Newswise — Women with advanced-staged lung cancer have a better overall survival rate than men, but there's a catch. The finding seems only to hold true for women 60 and older. For women under the age of 60, the survival rate drops to the same level as men.
"We don't know why, but the hypothesis is that age is acting as a surrogate for lower estrogen levels and those lower levels of estrogen may affect the metabolism of chemotherapy agents," explains Regina Vidaver Ph.D., executive director of the National Lung Cancer Partnership based in Madison, Wisc. The lower estrogen levels might actually make the treatments more effective.
But that's not where the sex differences end. There are many distinctions between men and women when it comes to lung cancer. Although lung cancer is the number one cause of cancer deaths among men and women in the United States, women who have never smoked are more at risk for the disease than men who never smoked. Some research indicates that the female hormone estrogen is involved in lung cancer risk in women. And when it comes to cigarettes and cancer, some evidence suggests women are more sensitive to the cancer-causing effects of chemicals in tobacco smoke.
At the 2007 Annual Meeting of the American Society for Clinical Oncology (ASCO), researchers presented data showing that pre-menopausal estrogen levels were associated with a higher death rate among women receiving chemotherapy for advanced non-small cell lung cancer (NSCLC), which makes up about 85 percent of all lung cancer cases.
Lung cancers can be divided into two types: small cell lung cancer and non-small cell lung cancer, terms describing how the cancer cells grow and spread in different ways. The data presented at ASCO reveals the potential role estrogen plays in interfering with standard treatment, namely chemotherapy, for lung cancer. And it further underscores the importance of sex-specific therapies.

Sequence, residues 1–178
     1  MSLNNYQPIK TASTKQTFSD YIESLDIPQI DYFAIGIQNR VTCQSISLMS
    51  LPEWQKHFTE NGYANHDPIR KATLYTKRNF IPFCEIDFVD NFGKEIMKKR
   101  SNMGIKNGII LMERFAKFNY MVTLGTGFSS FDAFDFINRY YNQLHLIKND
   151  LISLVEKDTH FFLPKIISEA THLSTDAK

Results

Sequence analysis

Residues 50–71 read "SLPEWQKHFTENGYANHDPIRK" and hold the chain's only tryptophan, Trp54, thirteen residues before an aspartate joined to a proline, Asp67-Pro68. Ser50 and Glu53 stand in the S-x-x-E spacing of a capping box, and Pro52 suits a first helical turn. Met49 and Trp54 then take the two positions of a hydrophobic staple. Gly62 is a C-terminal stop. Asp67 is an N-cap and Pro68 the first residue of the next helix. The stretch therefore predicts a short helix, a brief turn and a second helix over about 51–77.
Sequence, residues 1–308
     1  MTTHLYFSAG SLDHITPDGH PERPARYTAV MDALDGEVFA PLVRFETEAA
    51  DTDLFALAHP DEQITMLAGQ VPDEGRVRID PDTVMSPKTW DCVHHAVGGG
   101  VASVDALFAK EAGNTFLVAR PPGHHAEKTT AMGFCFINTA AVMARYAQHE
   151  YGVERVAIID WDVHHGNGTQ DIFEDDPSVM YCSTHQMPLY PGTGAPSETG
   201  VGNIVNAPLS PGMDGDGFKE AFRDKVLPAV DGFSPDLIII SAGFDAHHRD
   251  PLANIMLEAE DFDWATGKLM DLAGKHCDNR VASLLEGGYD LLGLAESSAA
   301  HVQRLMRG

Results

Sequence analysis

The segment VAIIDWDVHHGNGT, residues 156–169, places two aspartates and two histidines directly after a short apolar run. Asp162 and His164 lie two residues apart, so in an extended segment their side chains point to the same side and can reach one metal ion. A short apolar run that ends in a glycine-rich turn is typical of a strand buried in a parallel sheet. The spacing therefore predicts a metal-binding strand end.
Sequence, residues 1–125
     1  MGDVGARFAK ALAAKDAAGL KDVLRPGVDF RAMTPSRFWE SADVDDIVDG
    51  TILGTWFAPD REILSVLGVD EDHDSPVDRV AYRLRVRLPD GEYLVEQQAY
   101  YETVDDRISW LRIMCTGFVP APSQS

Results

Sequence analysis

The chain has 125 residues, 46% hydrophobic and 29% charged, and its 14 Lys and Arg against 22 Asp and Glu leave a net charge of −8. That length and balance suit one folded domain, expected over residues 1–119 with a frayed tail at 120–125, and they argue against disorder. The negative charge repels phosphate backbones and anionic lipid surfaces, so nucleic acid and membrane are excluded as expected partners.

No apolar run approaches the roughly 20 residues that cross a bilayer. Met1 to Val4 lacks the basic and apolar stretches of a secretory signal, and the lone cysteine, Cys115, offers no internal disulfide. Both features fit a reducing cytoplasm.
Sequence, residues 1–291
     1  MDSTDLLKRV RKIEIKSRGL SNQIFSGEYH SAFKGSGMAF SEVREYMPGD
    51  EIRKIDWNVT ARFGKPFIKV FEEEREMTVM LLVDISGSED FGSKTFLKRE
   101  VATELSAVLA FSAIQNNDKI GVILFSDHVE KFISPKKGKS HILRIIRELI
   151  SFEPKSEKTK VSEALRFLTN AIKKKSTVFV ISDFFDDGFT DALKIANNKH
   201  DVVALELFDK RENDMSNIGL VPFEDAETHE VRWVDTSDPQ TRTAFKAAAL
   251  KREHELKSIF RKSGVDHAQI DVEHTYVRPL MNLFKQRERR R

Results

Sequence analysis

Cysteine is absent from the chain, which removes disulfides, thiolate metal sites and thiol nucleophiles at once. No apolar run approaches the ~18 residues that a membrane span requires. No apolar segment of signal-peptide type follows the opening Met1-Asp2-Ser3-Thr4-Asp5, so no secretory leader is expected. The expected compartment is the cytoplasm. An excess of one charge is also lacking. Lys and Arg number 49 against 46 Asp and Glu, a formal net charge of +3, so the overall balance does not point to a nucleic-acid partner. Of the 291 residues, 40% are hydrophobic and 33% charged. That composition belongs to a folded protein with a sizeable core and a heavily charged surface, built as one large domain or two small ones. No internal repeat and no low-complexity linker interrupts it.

There are many new treatments on the horizon for lung cancer patients and they are showing interesting differences between men and women. "A class of drugs known as epidermal growth factor receptor tyrosine kinase inhibitors seem to work better in women," Vidaver said. By contrast, a drug called bevacizumab, which is a recombinant humanized antibody to vascular endothelial growth factor and marketed under the trade name Avastin, appears to work better in men.
Paclitaxel poliglumex, a biologically-enhanced chemotherapeutic agent, which is being developed under the trade name Xyotax, has shown promise in pre-clinical and clinical trials, specifically for women. Research studies indicate that the metabolism of Xyotax by lung cancer cells may be influenced by estrogen and may work better than standard therapies, especially for women with pre-menopausal levels of the hormone.
Much more information is needed to help guide research about sex-specific treatments in the future. Recently, the Society for Women's Health Research, a Washington D.C., based advocacy organization, pledged to aid the Food and Drug Administration's Critical Path Initiative in its efforts to promote medical research on sex differences and encourage the development of sex-specific therapies.
"Advancing research into the biological basis of differences in the prevention, diagnosis, and treatment of disease in women and men is a significant part of the mission of the Society," said Phyllis Greenberger, M.S.W., president and CEO of the Society. "We know that there are sex differences in the processes of drug absorption and metabolism, and in some areas of safety and efficacy, so we owe it to all patients to further explore these differences in current and future therapies."